Diabetes Patients May Have Citrus Supplement To Lower Glucose, Cholesterol

Armen Hareyan's picture
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Two new studies presented at the Experimental Biology Annual Meeting suggest that an all-natural dietary supplement made from citrus may help people with type 2 diabetes lower their blood glucose numbers after a meal and their LDL-cholesterol levels.

Mal Evans, DVM, MSc, PhD, KGK Synergize Inc.'s Scientific Director, said, "Our scientifically validated testing has consistently shown that Diabetinol improves blood glucose numbers. This time we saw a sizeable change in glucose intolerance in just a short time. This is good news for many of the 21 million Americans with diabetes. Tighter blood sugar control may mean less diabetic complications like nerve pain and kidney disease. And, that could mean less disability and expense from complications and associated medications and certainly less stress for the patient.

"Although there were no statistically significant changes in fasting blood glucose levels in either group, the Diabetinol-treated subjects demonstrated an excellent favorable downward trend in their hemoglobin A1C levels. These results suggest that when administered to people with type 2 diabetes over a longer treatment period, Diabetinol significantly improves glucose tolerance or the blood glucose numbers following a meal.

"Additionally, the Diabetinol-treated group showed improvements in LDL-cholesterol levels. An elevated LDL-cholesterol level is a risk factor for heart disease, and having type 2 diabetes increases an individual's risk for developing heart disease two to four times. In fact, sixty-five percent of deaths from diabetes are related to cardiovascular causes such as heart attack and stroke," said Evans.

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Hemoglobin A1C is an indicator of average blood glucose control over two to three months and is correlated to an individual's risk of developing diabetic complications such as diseases of the eye, kidney and nerves.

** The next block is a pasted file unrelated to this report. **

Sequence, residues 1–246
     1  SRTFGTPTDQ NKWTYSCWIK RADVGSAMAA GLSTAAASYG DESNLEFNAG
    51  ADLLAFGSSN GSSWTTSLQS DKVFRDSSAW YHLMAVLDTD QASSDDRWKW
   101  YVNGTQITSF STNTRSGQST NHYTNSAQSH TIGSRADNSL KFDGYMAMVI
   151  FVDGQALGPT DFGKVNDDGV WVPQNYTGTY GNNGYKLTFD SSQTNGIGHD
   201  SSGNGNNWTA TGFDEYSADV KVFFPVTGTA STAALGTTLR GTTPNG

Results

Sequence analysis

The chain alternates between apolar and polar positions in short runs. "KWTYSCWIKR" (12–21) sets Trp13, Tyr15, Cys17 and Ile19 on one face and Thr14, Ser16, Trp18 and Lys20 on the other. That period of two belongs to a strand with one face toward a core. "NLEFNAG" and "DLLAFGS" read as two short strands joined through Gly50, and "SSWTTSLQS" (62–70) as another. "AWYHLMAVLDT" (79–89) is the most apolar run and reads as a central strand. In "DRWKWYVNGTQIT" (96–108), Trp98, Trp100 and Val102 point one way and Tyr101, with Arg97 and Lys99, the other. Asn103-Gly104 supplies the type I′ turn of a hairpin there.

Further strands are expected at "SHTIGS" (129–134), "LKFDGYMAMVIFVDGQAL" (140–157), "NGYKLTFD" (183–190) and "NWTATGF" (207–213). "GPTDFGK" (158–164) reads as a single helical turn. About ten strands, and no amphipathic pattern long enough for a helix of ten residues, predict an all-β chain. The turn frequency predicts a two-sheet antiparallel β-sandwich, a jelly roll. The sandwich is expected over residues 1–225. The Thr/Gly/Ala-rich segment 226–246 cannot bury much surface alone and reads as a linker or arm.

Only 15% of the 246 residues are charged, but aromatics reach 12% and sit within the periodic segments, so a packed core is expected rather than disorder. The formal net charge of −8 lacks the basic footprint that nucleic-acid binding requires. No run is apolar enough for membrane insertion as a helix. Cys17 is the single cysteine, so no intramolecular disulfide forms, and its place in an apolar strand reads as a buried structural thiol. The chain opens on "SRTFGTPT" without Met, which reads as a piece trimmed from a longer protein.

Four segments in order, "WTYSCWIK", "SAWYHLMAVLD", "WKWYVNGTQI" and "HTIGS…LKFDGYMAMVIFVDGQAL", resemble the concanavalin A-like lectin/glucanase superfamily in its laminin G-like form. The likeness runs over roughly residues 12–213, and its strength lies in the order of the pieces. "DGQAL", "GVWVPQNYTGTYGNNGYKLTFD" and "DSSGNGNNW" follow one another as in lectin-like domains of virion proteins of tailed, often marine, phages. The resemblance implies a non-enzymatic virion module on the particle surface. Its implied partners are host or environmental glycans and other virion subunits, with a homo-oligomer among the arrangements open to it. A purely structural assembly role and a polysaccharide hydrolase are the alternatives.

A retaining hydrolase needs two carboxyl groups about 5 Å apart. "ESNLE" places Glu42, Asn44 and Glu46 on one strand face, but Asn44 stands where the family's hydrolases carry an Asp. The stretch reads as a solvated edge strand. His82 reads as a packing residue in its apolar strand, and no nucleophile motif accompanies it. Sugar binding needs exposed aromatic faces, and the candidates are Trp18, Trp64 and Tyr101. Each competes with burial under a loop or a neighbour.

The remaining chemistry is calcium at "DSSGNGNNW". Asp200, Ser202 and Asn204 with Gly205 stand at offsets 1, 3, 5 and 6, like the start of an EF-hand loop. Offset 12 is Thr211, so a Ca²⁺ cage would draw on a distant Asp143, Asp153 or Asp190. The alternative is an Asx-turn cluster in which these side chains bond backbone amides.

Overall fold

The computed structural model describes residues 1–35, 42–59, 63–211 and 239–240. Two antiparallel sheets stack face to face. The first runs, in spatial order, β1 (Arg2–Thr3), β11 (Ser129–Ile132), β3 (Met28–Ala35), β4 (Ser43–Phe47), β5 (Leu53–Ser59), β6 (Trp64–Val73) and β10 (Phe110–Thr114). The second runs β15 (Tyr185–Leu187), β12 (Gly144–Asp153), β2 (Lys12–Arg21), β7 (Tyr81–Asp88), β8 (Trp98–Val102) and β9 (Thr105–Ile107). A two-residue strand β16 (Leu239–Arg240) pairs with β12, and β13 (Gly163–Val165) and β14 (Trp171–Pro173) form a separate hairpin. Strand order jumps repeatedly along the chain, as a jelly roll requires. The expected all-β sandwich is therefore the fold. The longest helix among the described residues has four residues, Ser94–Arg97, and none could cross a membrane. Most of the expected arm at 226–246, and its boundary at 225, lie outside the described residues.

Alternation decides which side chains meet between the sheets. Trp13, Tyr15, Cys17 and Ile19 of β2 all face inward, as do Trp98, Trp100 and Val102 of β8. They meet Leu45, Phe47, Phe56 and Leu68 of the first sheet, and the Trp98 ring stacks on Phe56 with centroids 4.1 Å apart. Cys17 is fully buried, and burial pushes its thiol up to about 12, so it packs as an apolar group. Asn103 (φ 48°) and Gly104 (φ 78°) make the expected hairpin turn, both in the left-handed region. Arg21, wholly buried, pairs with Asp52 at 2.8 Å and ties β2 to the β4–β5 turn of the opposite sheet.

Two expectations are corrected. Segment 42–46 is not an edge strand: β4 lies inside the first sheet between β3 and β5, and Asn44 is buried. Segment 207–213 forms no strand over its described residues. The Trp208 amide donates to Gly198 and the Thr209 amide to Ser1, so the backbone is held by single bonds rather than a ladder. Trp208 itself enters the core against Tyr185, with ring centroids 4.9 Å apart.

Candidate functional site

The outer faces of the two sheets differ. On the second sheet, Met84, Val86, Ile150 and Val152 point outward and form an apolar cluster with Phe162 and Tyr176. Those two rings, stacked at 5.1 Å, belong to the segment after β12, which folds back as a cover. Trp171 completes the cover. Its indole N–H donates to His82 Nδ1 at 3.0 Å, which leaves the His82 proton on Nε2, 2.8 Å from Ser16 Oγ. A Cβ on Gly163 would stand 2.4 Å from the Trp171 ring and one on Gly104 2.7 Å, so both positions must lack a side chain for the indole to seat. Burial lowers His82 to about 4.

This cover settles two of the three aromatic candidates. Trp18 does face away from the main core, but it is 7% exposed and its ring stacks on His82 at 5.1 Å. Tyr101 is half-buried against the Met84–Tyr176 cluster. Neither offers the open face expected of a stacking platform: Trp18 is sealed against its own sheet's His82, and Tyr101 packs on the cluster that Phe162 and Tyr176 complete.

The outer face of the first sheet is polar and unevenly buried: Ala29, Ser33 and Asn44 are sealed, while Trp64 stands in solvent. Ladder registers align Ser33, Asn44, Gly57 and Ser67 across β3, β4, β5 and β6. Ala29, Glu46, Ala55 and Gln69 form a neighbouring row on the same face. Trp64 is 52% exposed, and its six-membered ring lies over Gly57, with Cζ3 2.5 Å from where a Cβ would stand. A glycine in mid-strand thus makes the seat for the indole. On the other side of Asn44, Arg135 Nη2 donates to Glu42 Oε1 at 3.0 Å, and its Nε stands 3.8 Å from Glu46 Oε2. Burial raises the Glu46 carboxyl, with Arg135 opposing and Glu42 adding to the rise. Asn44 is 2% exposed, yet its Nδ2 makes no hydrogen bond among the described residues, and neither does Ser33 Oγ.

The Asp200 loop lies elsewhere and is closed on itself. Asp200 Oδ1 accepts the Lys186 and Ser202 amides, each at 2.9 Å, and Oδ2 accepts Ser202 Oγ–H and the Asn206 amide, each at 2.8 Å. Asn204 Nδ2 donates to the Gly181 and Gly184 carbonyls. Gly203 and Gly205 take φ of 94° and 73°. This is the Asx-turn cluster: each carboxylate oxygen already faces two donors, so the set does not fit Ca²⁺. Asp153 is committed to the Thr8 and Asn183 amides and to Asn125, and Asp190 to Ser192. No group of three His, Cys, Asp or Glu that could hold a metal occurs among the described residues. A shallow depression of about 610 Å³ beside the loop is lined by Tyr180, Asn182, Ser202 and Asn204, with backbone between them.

In a pilot study, twenty adults with diabetes who were taking oral diabetes medications were randomly assigned to receive either Diabetinol or a placebo twice per day for three months. Each subject had mildly to moderately elevated cholesterol levels at the start of the study as well.

After 84 days, the group receiving Diabetinol showed a significant 19 percent reduction in glucose intolerance measured as peak changes in blood glucose over the four hours of a standard oral glucose challenge. The placebo group showed no significant improvements in glucose intolerance. A standard glucose challenge involves ingesting 100 grams of glucose and having blood glucose measurements after 30 minutes and hourly for four hours. Neither the investigators nor the volunteers knew who was receiving the Diabetinol or the placebo.

The number of Americans with diabetes has been increasing as obesity rates continue to rise. At least 90% of Americans with diabetes have type 2 diabetes. In type 2 diabetes, the body either produces too little insulin or the cells do not respond properly to the insulin and leave the cells starved for energy while raising the blood glucose level.

Earlier animal studies led researchers to test Diabetinol in humans. Twelve hamsters were treated with a special high-fructose diet to induce diabetes-like symptoms including increased blood glucose, insulin, cholesterol and triglyceride levels. Half of the animals were then given Diabetinol for 42 days. The other six hamsters were given no anti-diabetic treatment. At the end of the study, the Diabetinol-treated animals showed improvements in each blood glucose, insulin, and cholesterol and triglyceride levels.

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